My foray into running ended almost as quickly as it started. I embraced the challenge of running a 10-mile race in my hometown of Philadelphia despite never running more than 6 miles at any given time. I finished the race in exactly 2 hours, and most importantly, had fun. It was an exhilarating experience that inspired me to push myself further and sign up for a half marathon later that year.

In the months leading up to the race, I foolishly did minimal preparation and wavered back and forth on whether or not I would participate. I drew a line at running in cold weather, as I was unwilling to endure the discomfort. However, the weather in Philadelphia leading up to the race was mild, with temperatures ranging between the 50s and 60s. The race day forecast predicted a temperature of 54 degrees, which was suitable for me to participate. Therefore, I decided to take part in the race.


The morning of the race, I woke up, took a long hot shower, did some stretching (not enough), and walked from my hotel to the race. Thousands of people lined up for different reasons to race, some for cancer survivors or deceased loved ones. Some were doing it for fun, and then there was me, who told friends and family my plan to run, so I couldn’t go back on my word and the desire to get one of the shiny race medals in the shape of the Liberty Bell. But I was motivated and kept telling myself I could do this and enjoy the ride.


I was fortunate that there were no mile markers on my route. My Apple Watch also didn’t constantly notify me after every mile, which was a relief. It was just me and my running playlist blasting in my ear. I checked my watch and noticed more progress than I initially thought. “This is going to be easy,” I thought to myself.


I am not physically fit enough to run a long distance without taking breaks by walking and then starting to run again. Even though I had friends and family coming out to cheer me on, I wasn’t aware of their location and didn’t want to be seen walking when I ran past them. At mile 6, I finally spotted them, and there I was, in all my sweaty glory, running strong and in good form.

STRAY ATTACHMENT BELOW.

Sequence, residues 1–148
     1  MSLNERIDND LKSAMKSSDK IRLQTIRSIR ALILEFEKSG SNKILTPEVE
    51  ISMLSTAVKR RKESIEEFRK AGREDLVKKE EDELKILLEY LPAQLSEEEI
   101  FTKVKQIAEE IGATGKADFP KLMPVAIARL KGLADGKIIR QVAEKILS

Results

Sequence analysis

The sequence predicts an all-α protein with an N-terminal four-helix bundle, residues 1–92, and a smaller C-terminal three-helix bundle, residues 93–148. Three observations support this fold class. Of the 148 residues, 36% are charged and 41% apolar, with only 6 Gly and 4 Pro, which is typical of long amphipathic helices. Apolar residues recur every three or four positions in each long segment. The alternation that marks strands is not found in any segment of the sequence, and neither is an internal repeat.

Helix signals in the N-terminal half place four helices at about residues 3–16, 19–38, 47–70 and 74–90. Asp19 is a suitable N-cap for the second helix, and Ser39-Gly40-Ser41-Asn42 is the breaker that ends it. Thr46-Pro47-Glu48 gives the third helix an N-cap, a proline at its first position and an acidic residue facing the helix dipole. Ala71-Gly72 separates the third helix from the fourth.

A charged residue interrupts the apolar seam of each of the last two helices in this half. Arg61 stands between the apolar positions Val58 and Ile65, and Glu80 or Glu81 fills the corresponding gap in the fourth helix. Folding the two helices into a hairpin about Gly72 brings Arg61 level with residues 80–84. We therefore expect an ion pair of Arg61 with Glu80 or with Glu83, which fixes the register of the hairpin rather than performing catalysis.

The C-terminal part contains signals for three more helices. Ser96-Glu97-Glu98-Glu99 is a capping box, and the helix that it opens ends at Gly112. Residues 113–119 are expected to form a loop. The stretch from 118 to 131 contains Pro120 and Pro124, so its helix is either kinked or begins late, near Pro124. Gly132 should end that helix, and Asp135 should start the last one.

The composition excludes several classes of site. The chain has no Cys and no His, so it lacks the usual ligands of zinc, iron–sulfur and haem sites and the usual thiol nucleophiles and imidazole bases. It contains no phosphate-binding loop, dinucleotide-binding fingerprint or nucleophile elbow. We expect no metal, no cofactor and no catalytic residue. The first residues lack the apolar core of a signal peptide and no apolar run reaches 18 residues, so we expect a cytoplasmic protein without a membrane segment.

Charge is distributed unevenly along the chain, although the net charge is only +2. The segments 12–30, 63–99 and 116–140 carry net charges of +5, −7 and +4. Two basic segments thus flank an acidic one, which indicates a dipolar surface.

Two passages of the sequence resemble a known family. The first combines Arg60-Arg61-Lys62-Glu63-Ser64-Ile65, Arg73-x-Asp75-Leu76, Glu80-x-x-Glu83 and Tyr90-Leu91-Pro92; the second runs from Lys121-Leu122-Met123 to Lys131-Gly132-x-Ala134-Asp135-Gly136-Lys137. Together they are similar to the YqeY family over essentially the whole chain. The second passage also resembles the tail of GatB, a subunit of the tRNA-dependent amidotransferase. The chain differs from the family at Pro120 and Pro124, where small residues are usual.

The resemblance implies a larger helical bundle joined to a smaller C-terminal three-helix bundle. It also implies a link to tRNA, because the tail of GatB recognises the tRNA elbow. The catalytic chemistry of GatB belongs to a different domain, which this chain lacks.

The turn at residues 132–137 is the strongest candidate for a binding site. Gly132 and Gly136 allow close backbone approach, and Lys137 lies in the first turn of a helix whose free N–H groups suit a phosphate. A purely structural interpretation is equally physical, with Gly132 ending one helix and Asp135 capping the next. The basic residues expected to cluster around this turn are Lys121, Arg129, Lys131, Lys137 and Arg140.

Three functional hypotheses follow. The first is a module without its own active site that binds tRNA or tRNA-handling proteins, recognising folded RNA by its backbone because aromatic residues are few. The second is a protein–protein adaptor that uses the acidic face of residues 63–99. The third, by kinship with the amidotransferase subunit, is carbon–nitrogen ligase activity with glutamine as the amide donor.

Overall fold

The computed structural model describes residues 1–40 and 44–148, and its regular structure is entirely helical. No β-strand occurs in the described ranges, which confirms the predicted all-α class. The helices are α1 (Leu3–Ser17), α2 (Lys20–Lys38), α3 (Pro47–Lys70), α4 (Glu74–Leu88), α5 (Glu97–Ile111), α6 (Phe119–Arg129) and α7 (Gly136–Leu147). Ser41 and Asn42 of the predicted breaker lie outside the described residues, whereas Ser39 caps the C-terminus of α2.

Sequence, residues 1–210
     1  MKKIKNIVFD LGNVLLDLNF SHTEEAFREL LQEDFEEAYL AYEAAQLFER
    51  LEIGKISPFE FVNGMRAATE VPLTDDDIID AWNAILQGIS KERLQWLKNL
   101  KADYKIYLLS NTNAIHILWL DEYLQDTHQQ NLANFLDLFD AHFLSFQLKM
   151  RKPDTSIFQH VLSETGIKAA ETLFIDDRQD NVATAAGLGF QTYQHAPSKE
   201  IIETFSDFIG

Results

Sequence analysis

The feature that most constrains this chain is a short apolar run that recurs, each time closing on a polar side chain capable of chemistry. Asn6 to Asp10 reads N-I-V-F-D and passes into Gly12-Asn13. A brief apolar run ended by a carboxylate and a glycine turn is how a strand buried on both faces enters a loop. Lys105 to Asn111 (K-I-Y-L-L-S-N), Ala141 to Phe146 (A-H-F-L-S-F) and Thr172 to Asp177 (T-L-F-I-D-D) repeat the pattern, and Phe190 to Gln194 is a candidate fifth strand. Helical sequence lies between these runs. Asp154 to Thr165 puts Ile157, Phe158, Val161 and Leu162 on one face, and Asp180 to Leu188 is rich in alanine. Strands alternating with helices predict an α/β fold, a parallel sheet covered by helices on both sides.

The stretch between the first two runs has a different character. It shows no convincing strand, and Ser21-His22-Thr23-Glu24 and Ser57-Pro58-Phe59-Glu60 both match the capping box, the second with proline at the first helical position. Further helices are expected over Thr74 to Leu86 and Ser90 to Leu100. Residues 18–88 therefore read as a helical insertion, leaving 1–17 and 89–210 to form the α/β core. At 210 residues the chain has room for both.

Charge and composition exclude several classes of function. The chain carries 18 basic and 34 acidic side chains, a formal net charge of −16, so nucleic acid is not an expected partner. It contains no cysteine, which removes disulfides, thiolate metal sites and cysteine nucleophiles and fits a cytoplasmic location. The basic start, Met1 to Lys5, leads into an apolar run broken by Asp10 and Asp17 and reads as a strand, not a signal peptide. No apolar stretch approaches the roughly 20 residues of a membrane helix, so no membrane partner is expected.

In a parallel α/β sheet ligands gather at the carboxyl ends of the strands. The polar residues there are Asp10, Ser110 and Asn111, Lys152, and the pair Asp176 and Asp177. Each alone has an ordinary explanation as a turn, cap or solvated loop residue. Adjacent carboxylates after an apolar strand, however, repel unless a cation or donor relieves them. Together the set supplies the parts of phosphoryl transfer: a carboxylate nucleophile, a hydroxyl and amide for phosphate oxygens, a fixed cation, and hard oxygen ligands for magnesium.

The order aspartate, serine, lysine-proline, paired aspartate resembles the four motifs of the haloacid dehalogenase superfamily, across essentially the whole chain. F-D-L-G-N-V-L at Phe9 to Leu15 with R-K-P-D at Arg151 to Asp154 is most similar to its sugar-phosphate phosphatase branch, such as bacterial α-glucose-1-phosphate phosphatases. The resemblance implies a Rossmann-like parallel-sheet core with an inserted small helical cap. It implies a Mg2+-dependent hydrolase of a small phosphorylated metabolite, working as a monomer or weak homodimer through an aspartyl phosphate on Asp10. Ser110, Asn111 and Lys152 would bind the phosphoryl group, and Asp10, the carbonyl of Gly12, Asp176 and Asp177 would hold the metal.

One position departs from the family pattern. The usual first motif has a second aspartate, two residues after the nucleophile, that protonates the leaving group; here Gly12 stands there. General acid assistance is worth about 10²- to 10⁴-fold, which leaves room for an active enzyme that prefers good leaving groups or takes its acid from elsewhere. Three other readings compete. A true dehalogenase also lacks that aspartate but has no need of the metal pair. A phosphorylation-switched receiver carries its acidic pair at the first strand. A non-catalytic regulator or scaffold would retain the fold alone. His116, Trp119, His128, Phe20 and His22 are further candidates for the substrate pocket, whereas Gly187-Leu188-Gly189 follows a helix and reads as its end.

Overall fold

My shins are starting to hurt; I should have stretched more.

MILE 9-11

My shins are on fire, my quads are aching, and I am in pain. As I run past the Philadelphia Zoo, memories of my elementary school trips there flood my mind. I recall the many enjoyable rides in the back seat of my parent’s car across the Girard Bridge and up 33rd Street on my way home from my aunt’s house. The pain in my legs fades as I continue running through Fairmount Park, which holds countless memories of attending family barbecues and hanging out with friends during past summers.

MILE 12-13.1

During the last mile of the race, I felt a little disappointed, thinking that I wouldn’t finish in the 2 hours and 30 minutes I allowed myself. However, I was happy that I would complete the race. The pain was intense, and I felt like I might have to walk the last mile to the finish line. But the spectators were lined along Kelly Drive, cheering us on and telling us to finish strong. I had this overwhelming sense that I couldn’t let them down or myself down. So, I picked up the pace and crossed the finish line. Surprisingly, I completed the half marathon in 2 hours and 28 minutes, two minutes faster than anticipated.

On the walk back to my hotel with my fancy race medal dangling around my neck. My brother, an avid runner, told me how proud he was of me. I felt a sense of accomplishment and pride that I had stepped outside my comfort zone and tried something new in my hometown. I have no desire to run more than 13 miles or a full marathon, and I am okay with that.

As I headed to the airport, I regretted booking a flight home right after the race, but I wanted to recover in my home and bed. Walking to my gate, I received a text message: “Good news! You’ve been upgraded.” How poetic.

John Waites
A veteran who is passionate about inspiring others through travel and art, sharing ideas for personal growth and fulfilment.

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  1. I love this blog! I feel like I was right there with you. Great job with that time! You’re an inspiration to everyone who gets to read this!

    1. Thank you for the kind words and support!

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